The ultimate reason why you want to improve your agility is to optimize your power because speed, distance over time, is one component of power (force x distance/time) and if we can increase the speed component then we will optimize power as well.
Find out more about agility training: how to improve tennis specific agility.
The other component of optimizing power (force x distance/time) is increasing force output, which we do in the strength room.
Chapter 6: Resistance Training for Athletes of Advanced Concepts of Strength & Conditioning for Tennis deals with optimizing the force output component and chapter 7 SAQ Training: Developing Speed, Agility and Quickness shows you how to enhance the speed component.
If you want more info on the force component then take a look at why weightlifting for tennis players makes sense or watch the video:
Why Developing Agility Via Speed Ladder Drills?
Many tennis players and coaches believe that agility, your ability to change direction explosively while controlling your body and minimizing any loss in overall speed, depends mainly on your genetic predisposition.
That thought process is simply incorrect because you can train your nervous system to handle synchronized tennis specific skill sets, such as hitting a forehand approach shot while looking at your opponent’s court positioning and attacking the net.
Every athlete has the ability or potential to improve their agility if they are training properly!
It’s certainly true that some athletes have better agility than others; same as there are some athletes who have better shots than others.
Either way, it doesn’t mean that you cannot improve the status quo with proper training.
Speed ladder drills can be used to work on footwork (speed), coordination and dynamic balance. Improvements in all three areas will lead to improved performance on the tennis court.
Volume of Speed Ladder Drills Matters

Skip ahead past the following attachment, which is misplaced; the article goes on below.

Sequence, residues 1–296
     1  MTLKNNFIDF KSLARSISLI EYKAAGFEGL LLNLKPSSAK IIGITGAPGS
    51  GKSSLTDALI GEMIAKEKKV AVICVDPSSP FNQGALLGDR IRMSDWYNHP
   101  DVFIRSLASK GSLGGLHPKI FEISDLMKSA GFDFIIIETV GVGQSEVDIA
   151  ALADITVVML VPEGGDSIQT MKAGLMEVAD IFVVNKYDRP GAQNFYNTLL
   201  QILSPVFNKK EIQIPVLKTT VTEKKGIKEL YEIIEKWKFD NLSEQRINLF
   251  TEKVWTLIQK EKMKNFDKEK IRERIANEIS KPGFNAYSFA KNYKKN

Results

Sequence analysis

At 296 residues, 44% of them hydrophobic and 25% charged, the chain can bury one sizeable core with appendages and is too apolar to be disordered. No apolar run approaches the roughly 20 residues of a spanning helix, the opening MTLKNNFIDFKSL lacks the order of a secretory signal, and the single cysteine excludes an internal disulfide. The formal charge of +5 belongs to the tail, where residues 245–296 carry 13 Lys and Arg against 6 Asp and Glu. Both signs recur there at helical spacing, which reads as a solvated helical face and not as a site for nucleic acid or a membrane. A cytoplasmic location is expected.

Now in order to cause neural adaptations, meaning training your nervous system so that you can perform better on the court, you have to teach your nervous system how to do it, which takes a lot of repetitions and hence time.
How much time is needed depends on your aptitude for change – some call it talent.
Generally speaking it takes athletes weeks to see agility improvements on the court. Therefore I recommend you implement agility training regularly into your training program!
In order to improve speed economy and footwork we can use various speed ladder drills.
They are great in teaching your nervous system how to move faster and you can also integrate them into your tennis training!
The following videos shows you how to do just that:
Should you improve footwork first or maybe something else?
Find out more and read Tennis Footwork: How Import Is It?
Since volume is a key factor in reaching neural adaptations I recommend that you use a long speed ladder, preferably as long as the sideline of the tennis court, so you can optimize neural rehearsal.
How to Develop Agility Via Speed Ladder Drills
First you want to teach the movement mechanics of each speed ladder drill so that the athlete becomes familiar with it.
The focus is on perfect execution, not speed!
Speed Ladder Drills: Stage 1
This means the athletes will look to the ground while moving through the speed ladder.
This way the nervous system can use visual data to learn and cause neural adaptations.
This is just stage 1 of the process because visual data processing in the brain takes time.
The information pathways are rather long, and it’s not tennis-specific yet since you don’t look to the ground while hitting shots and moving on the tennis court.
Stage 2: Look Forward
Once you master the movement mechanics and can move rapidly through the speed ladder it’s time to implement stage 2 of the speed ladder drills:
keep your head up and look forward.
Now we have no more visual data available, which means we have shorter neural pathways, which makes the neural transmission faster since the information are no longer moving to and processed by the brain.
Instead the information are sent to the spinal cord and the neural pathways are reflexive in nature, which is what we want.
Because a reflexive response is extremely fast, which means you can move your feet even faster!
Ensure that you move through the speed ladder in perfect form while gradually increasing the speed.
Stage 3: Track an Opponent or Object
Now this is the final tennis-specific phase of the speed ladder drills. Here we are moving through the sped ladder in perfect form, while tracking an object (e.g. tennis ball) or opponent.
For example, you can have the athlete catch and throw tennis balls while going through the speed ladder.
The main goal of the speed ladder drills and agility training is to control your body while moving at the fastest speed possible.
Doing so will optimize your athletic capabilities so that they translate into peak performance on the tennis court.